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Tuesday, February 26, 2008

Federal Judge Questions Validity of RIAA Arguments

Atlantic Records, et al., brought suit against Christopher Brennan just over a year ago. Brennan failed to respond to the complaint, never appearing in court to answer the copyright infringement charges. After an entry of default was entered on August 6, 2007, the RIAA moved the court for a default judgment, which Judge Janet Bond Arterton denied in a ruling earlier this month.

In order to obtain a default judgment, three factors have to be satisfied. First, the default needs to be willful. In so many words, the default has to arise out of the inexcusable neglect of the defendant. Second, there cannot be a "meritorious defense" available to the defendant—a defense that is sufficient, "even if not 'ultimately persuasive.'" Last, the plaintiffs need to be prejudiced if the default is not granted.

The judge had harsh words for the RIAA's argument that making files available on KaZaA equates to copyright infringement. "At least one aspect of Plaintiffs’' distribution claim is problematic, however, namely the allegation of infringement based on 'making the Copyrighted Recordings available for distribution to others."

RIAA fails again to get default judgment in uncontested case

The RIAA has once again been admonished in Federal court for trying to present vague "evidence" to support their claims of infringement. The judge in this case also left the door open to once again leave questions about the constitutionality of the excessive awards demanded in these cases while offering no proof of actual damages. It's not an unreasonable request to have the plaintiff in any litigation to prove the damages actually incurred. The mere act of "making available" as opposed to actual distribution of copyrighted files has been the lynchpin of the RIAA arguments in many cases. It's refreshing to have yet another judge in the federal court system question the merits of this ridiculous argument. If one thinks about it logically, how can you ask for a judgement well in excess of any real damages when you offer no proof the actual act of sharing ever occurred?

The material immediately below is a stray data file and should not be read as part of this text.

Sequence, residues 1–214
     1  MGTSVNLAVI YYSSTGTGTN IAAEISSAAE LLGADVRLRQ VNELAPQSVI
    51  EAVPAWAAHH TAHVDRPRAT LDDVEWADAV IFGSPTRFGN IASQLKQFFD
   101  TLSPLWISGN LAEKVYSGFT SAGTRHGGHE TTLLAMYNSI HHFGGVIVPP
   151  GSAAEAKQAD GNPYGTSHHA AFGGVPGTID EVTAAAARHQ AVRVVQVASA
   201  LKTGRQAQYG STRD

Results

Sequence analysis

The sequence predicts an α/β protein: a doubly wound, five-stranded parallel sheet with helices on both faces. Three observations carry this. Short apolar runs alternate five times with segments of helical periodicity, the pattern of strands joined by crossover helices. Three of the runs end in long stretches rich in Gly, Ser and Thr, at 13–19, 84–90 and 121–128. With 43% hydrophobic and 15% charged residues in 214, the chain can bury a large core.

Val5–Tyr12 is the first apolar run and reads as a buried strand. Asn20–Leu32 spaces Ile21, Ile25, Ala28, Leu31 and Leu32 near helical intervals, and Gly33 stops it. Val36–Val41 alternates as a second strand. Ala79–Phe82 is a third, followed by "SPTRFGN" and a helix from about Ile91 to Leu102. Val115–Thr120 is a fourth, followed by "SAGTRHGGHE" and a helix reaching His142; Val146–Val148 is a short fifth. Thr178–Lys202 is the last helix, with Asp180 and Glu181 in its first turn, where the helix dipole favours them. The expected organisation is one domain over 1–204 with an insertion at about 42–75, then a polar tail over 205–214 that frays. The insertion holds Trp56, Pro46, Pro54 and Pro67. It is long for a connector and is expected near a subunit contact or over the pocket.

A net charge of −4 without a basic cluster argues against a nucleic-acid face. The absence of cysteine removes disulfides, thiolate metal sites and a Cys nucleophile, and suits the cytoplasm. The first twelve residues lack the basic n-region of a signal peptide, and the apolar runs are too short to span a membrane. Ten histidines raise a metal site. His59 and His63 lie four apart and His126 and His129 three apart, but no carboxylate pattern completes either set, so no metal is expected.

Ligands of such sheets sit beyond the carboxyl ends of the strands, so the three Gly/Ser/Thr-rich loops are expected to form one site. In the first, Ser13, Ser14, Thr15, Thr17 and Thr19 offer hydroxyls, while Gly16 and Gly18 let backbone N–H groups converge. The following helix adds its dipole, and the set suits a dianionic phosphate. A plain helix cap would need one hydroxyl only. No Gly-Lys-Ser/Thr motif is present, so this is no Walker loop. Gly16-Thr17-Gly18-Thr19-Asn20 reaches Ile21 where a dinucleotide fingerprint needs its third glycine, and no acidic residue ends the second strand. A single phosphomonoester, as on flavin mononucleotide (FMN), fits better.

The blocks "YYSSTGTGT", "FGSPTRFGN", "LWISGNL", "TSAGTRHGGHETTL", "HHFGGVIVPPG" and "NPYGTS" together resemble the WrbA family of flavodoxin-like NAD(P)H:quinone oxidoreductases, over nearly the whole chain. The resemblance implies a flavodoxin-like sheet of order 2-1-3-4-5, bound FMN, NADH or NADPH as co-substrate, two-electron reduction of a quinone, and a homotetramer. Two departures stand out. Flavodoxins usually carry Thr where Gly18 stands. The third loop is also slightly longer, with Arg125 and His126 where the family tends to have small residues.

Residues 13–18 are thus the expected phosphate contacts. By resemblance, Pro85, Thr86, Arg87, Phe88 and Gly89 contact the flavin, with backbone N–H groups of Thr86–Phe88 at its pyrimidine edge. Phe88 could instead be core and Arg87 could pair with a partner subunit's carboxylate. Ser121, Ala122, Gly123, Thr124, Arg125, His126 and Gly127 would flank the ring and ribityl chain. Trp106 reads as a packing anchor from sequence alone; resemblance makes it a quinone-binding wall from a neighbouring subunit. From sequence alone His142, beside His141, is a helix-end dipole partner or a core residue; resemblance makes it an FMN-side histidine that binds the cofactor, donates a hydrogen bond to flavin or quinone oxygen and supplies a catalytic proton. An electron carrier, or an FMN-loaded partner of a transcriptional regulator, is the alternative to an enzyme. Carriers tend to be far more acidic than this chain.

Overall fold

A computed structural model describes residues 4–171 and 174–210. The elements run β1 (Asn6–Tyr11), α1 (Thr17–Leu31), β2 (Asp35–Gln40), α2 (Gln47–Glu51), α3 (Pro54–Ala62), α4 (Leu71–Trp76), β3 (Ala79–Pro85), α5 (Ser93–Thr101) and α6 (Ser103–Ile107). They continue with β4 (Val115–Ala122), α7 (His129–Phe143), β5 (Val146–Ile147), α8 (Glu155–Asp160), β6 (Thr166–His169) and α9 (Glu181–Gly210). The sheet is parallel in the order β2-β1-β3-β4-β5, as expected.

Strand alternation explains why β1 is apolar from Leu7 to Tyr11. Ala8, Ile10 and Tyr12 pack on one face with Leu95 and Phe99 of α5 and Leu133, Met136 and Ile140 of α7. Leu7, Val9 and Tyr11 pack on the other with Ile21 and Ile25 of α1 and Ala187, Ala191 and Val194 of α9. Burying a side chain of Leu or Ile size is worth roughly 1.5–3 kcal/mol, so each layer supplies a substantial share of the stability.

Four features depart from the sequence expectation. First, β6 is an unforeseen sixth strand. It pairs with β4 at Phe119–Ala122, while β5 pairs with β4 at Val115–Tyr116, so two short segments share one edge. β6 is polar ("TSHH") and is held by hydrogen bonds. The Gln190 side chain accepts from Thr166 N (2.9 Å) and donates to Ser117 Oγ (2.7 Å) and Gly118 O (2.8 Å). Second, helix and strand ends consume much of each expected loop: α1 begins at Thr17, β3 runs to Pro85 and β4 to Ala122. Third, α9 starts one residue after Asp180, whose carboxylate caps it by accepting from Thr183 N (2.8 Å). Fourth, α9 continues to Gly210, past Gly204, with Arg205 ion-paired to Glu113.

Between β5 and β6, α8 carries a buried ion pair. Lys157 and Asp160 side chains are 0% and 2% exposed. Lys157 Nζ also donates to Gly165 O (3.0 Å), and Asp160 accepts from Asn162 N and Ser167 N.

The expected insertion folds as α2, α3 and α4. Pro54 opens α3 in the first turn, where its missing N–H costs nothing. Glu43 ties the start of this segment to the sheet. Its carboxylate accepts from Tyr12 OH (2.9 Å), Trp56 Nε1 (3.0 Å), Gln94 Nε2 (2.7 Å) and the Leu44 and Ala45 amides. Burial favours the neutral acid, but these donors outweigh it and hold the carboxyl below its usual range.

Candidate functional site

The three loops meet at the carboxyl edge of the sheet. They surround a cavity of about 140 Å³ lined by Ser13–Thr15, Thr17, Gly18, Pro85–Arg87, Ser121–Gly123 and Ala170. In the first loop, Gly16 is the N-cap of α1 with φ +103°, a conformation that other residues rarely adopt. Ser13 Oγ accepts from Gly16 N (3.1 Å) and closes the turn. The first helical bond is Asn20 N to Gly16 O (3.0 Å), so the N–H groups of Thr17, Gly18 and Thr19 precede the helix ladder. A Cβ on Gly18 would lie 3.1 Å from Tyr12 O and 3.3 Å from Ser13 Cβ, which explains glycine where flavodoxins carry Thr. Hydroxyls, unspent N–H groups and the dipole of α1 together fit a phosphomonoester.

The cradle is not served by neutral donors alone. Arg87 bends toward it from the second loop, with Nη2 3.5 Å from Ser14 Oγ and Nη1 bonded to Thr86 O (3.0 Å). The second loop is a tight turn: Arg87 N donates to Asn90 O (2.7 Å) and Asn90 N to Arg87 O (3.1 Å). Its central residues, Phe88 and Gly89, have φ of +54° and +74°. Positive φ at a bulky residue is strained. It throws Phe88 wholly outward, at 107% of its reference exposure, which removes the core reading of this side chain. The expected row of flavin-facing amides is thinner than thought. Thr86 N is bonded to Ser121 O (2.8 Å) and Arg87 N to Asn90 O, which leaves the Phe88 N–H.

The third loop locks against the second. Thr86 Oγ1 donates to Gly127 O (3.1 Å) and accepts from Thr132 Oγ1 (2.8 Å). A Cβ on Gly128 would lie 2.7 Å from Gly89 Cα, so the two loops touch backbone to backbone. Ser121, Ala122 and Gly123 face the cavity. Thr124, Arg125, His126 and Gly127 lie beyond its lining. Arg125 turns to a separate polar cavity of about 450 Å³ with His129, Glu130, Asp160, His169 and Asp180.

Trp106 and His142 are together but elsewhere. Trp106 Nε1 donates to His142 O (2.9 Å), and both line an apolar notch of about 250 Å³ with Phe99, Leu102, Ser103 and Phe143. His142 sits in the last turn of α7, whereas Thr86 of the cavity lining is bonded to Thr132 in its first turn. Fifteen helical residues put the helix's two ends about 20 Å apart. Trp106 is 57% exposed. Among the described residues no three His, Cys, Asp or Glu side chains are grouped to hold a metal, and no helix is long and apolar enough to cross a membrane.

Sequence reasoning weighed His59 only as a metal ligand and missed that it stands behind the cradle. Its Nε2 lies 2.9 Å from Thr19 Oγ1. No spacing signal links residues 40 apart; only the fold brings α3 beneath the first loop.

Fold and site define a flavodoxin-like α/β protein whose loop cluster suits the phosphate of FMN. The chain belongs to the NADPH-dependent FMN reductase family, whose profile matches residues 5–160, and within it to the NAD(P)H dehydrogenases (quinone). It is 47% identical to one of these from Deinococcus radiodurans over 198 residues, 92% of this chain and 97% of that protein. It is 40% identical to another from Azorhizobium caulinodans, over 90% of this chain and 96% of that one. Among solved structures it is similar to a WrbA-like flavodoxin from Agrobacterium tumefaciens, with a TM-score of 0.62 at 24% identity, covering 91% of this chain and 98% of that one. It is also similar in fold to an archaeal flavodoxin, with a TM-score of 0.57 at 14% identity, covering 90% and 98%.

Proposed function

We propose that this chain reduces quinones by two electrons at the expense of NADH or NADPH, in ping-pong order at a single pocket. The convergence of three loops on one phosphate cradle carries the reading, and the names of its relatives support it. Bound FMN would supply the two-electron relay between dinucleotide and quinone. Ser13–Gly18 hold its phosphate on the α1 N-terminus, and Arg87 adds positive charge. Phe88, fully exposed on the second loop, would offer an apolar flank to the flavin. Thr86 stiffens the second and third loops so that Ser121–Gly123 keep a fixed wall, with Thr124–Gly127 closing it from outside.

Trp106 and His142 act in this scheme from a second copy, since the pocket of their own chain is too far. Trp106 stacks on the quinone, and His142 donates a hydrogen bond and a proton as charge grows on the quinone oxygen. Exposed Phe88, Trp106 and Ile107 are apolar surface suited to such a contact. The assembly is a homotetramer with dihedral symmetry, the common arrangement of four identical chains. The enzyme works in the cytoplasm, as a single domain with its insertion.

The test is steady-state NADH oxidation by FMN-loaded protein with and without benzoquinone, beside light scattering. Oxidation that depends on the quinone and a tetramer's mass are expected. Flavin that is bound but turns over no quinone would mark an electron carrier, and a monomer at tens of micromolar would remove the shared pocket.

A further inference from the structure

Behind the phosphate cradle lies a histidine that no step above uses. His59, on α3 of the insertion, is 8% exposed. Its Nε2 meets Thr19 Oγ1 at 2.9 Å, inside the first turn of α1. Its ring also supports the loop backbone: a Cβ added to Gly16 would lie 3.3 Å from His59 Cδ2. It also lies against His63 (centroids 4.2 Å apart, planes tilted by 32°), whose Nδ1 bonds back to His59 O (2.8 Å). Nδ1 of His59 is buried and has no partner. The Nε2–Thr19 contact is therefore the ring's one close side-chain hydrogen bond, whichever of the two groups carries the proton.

The judge in this case also admonished the RIAA for using a "boilerplate" complaint that was vague in it's details. The RIAA afterward, said they would be filing a brief to further clarify their position as they had done in other cases. This legal maneuver is an attempt by RIAA attorneys to give as little information as possible to the court in the hopes that they will get a judgement without ever presenting their flimsy evidence for further scrutiny. One would think that the courts will tire of this shady practice and continue to dismiss their claims as unsubstantiated. It would also be prudent for the court to deny acceptance of any brief filed after the fact. Watch closely to this case as it appears that it may end in another defeat for the RIAA and bring us one step closer to the end of these ridiculous lawsuits and awards.
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